This, in turn, affects the performance of daily activities. However, Pilates for older adults also improves the aspect of flexibility, through stretching exercises for muscles and joints.

7. Prevention of falls

Although the muscular response to stimuli decreases with age, with exercise in general you can improve reaction speed. Similarly, Pilates for older adults includes movements for the core, which help with static and dynamic balance.

Both factors (reaction and equilibrium) are determining factors in stability. And by working on these aspects, as well as on muscle strength and joint flexibility, the frequency and impact of falls in older adults is reduced, which means less chance of fractures.

You can continue reading: What is the Pilates method?

8. Better posture

Pilates for older adults improves back alignment and elongation, which helps to become aware of the posture, to improve it and prevent sciatica or lumbago.

Maintaining an incorrect posture can aggravate ailments such as migraine headaches, as well as cause localized pain in the neck (cervicalgia) and other areas of the back.

9. Sedentary lifestyle, obesity and caloric expenditure

Most studies agree that there is a high correlation between old age, sedentary lifestyle and obesity. This, in turn, is associated with various risk factors and the development of pathologies typical of this age group.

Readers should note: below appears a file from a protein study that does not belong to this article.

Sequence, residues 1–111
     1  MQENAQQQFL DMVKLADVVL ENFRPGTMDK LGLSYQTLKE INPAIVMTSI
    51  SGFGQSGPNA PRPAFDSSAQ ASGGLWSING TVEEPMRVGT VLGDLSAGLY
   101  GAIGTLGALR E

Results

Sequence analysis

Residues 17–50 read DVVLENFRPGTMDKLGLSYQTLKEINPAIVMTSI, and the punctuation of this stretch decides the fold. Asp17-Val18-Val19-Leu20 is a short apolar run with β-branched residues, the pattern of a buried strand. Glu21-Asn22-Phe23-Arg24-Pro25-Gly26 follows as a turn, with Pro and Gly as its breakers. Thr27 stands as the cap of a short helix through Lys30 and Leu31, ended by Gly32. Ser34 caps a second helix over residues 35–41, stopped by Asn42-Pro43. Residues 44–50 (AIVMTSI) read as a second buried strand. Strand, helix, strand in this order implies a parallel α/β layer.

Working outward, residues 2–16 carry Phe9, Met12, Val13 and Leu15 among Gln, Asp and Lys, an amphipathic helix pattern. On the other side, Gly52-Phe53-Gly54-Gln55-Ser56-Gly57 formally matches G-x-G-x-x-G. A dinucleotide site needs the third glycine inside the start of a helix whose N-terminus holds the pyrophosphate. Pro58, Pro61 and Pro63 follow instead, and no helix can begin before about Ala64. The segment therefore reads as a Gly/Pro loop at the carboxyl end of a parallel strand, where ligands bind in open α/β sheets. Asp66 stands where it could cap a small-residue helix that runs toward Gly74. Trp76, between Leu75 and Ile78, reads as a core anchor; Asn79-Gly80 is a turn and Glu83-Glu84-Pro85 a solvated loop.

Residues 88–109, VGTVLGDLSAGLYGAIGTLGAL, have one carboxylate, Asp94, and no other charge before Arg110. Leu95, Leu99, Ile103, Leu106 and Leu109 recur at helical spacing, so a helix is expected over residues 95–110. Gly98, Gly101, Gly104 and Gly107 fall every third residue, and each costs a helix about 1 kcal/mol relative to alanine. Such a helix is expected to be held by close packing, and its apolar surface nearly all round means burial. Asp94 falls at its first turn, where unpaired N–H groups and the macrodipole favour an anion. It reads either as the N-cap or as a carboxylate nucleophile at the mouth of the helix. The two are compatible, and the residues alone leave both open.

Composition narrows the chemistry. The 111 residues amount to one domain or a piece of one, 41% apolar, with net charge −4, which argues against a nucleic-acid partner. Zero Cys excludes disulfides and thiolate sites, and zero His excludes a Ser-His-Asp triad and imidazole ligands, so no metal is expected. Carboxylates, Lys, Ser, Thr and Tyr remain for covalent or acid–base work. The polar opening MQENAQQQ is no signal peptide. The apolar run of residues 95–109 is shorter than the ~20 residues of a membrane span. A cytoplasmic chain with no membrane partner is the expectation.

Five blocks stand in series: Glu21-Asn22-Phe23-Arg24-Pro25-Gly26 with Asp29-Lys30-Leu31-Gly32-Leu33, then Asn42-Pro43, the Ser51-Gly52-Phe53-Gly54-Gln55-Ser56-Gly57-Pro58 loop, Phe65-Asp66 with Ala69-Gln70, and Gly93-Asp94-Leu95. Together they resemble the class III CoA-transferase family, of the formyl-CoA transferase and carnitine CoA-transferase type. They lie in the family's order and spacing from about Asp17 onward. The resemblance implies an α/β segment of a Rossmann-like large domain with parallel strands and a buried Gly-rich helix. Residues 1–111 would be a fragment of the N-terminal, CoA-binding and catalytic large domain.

Now, with physical activity, for example through Pilates for older adults, there is an increase in caloric expenditure, thereby combating overweight and its consequences.

10. Memory and cognitive functioning

In various investigations it has been established that good cerebral oxygenation is essential for the work of this organ. So the pilates too benefits overall cognitive functioning, as well as short and medium term memory.

11. Mood and self-esteem

In the case of older adults, sedentary lifestyle and inactivity affect self-esteem, increase anxiety and even the chances of suffering depression.

All this changes when we do physical activity, which allows us to relax and release tension. In addition, by feeling that we are not limited by age or ailments, our self-concept also improves.

12. Socialization

Another important benefit associated with Pilates for older adults is that the person can interact and relate to others, whether they are the same age or younger. And socializing has a positive effect on mood and general well-being.

13. Sleep quality

In the elderly, the stages of sleep are usually altered. However, research suggests that performing low-impact exercises improves rest, fights insomnia and daytime sleepiness.

Pilates for older adults can be, then, a lower cost and more effective alternative to pharmacological treatments, which carry side effects.

14. Functionality

With Pilates motor skills, attention and memory are improved, among other aspects of older adults that are vital to perform daily tasks. Therefore, their dependence on others is reduced.

Keep reading: Benefits of doing Pilates

Pilates exercises for older adults